Gearman(分布式任务调度框架) 简介



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A Gearman powered application consists of three parts: a client, a worker, and a job server. The client is responsible for creating a job to be run and sending it to a job server. The job server will find a suitable worker that can run the job and forwards the job on. The worker performs the work requested by the client and sends a response to the client through the job server. Gearman provides client and worker APIs that your applications call to talk with the Gearman job server (also known as gearmand) so you don’t need to deal with networking or mapping of jobs. Internally, the gearman client and worker APIs communicate with the job server using TCP sockets. To explain how Gearman works in more detail, lets look at a simple application that will reverse the order of characters in a string. The example is given in PHP, although other APIs will look quite similar.


We start off by writing a client application that is responsible for sending off the job and waiting for the result so it can print it out. It does this by using the Gearman client API to send some data associated with a function name, in this case the function “reverse”. The code for this is (with error handling omitted for brevity):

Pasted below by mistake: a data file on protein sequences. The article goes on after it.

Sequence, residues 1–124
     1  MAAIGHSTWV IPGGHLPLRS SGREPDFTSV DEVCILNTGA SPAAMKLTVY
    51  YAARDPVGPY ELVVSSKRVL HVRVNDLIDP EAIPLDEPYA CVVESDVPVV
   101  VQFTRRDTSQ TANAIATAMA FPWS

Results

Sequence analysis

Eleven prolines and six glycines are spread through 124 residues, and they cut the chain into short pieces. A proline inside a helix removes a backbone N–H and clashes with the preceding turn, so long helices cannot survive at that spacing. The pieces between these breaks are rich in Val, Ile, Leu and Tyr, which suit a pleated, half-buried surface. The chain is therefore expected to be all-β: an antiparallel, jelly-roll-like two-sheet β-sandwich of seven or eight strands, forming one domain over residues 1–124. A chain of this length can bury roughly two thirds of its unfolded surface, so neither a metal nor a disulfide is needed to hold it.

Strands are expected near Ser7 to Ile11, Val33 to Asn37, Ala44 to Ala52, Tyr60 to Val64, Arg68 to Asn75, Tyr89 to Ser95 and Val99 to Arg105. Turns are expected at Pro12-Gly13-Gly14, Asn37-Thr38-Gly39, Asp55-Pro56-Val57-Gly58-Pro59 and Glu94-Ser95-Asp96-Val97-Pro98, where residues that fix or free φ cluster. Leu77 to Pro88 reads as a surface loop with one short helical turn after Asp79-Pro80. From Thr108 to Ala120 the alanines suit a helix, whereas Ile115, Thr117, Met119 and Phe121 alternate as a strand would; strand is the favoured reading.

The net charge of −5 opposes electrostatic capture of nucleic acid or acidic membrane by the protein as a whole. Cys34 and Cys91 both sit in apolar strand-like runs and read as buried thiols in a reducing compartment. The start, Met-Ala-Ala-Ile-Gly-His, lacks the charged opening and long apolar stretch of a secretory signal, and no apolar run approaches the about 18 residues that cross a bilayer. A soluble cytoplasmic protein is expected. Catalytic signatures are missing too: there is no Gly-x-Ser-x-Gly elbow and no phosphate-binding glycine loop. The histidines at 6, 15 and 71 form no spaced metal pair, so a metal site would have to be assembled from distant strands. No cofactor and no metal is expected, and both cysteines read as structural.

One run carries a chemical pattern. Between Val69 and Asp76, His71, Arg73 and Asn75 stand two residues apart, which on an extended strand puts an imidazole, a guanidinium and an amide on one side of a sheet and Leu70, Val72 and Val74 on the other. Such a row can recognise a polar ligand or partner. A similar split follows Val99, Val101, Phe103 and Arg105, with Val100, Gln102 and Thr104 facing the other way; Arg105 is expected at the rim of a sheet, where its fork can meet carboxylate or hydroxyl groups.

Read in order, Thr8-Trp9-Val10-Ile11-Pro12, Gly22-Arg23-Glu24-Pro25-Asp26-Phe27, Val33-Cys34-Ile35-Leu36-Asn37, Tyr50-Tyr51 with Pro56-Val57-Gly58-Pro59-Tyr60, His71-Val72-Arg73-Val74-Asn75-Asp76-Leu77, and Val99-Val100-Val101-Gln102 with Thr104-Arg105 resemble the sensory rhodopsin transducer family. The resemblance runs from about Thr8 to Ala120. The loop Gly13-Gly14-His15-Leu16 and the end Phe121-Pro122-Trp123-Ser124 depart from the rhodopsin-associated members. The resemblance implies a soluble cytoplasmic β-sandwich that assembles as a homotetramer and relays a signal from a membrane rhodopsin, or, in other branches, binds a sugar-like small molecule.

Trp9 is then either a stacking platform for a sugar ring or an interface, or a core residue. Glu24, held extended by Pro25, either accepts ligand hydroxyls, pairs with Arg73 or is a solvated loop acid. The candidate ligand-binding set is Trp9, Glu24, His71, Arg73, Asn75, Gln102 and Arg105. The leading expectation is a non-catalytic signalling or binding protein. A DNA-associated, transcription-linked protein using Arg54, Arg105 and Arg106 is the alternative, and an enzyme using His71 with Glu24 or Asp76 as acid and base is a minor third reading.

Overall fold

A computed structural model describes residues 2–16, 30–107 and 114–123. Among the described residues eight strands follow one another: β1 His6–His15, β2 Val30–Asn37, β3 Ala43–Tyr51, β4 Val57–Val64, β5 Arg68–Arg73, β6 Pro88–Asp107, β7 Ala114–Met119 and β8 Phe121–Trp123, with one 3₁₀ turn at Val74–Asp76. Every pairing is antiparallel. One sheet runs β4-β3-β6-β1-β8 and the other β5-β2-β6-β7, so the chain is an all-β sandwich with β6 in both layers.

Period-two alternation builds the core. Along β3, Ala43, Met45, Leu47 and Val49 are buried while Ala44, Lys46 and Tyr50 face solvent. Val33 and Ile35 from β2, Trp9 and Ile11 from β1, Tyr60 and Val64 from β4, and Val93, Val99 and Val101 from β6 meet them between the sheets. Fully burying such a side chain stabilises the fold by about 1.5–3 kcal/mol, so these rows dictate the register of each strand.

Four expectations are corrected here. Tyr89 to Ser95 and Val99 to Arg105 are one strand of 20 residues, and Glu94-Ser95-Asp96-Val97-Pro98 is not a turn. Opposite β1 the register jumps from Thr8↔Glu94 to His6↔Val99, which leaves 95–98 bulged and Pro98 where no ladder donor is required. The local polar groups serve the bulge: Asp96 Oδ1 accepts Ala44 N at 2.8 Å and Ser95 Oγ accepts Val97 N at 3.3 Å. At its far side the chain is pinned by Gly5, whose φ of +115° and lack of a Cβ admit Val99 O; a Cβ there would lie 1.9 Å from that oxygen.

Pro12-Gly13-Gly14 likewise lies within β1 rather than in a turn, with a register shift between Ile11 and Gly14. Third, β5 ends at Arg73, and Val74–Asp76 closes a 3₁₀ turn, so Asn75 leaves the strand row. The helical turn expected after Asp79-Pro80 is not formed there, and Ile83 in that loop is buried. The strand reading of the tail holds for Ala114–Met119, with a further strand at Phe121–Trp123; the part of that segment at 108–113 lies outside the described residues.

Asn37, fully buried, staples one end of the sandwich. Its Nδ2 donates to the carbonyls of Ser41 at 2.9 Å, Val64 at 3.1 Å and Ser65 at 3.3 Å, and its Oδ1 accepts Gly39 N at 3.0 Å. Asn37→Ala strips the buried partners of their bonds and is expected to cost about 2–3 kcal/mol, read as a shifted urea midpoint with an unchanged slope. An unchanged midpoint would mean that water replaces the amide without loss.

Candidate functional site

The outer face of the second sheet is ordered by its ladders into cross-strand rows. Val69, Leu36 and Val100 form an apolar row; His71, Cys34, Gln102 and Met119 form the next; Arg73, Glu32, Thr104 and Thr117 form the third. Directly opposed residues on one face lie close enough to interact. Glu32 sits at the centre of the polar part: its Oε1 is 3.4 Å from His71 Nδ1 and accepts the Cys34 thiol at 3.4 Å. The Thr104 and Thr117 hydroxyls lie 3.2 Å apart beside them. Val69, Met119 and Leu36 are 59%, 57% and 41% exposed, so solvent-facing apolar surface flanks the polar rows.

This code initializes a client class, configures it to use a job server with add_server (no arguments means use with the default port), and then tells the client API to run the “reverse” function with the workload “Hello world!”. The function name and arguments are completely arbitrary as far as Gearman is concerned, so you could send any data structure that is appropriate for your application (text or binary). At this point the Gearman client API will package up the job into a Gearman protocol packet and send it to the job server to find an appropriate worker that can run the “reverse” function. Let’s now look at the worker code:

This code defines a function “my_reverse_function” that takes a string and returns the reverse of that string. It is used by a worker object to register a function named “reverse” after it is setup to connect to the same local job server as the client. When the job server receives the job to be run, it looks at the list of workers who have registered the function name “reverse” and forwards the job on to one of the free workers. The Gearman worker API then takes this request, runs the function “my_reverse_function”, and sends the result of that function back through the job server to the client.


As you can see, the client and worker APIs (along with the job server) deal with the job management and network communication so you can focus on the application parts. There a few different ways you can run jobs in Gearman, including background for asynchronous processing and prioritized jobs. See the documentation available for the various APIs for details.




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